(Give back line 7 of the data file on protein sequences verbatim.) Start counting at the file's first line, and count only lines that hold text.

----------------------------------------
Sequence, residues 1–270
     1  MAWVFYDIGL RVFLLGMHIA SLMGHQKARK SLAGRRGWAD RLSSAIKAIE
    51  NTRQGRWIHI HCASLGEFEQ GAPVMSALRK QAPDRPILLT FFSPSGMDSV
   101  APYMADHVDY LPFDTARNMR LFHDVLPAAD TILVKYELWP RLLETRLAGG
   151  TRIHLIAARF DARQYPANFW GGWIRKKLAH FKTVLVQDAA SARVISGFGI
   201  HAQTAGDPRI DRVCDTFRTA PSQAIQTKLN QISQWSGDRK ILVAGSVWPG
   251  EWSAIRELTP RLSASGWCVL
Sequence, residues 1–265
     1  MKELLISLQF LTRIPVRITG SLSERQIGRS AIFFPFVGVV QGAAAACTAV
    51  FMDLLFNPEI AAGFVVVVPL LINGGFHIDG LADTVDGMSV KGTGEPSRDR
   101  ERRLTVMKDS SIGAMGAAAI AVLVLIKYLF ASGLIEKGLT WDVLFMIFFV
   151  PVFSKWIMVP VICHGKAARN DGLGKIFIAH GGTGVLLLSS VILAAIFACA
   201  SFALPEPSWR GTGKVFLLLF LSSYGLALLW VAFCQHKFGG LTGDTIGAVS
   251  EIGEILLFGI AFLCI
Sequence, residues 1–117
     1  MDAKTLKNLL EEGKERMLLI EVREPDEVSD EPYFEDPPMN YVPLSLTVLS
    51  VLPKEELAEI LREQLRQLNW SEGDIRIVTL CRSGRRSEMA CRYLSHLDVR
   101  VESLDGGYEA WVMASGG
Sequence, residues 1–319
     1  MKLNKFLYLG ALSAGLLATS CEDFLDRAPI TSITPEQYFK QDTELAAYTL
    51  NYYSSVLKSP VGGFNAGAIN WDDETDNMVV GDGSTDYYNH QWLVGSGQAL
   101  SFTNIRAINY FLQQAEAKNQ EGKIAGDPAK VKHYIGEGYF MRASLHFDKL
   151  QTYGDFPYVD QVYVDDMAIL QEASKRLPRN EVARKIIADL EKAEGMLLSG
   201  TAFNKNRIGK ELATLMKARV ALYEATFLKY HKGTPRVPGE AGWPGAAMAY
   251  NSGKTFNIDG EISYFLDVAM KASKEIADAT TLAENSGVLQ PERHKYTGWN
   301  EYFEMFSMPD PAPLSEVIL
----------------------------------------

   251  EWSAIRELTP RLSASGWCVL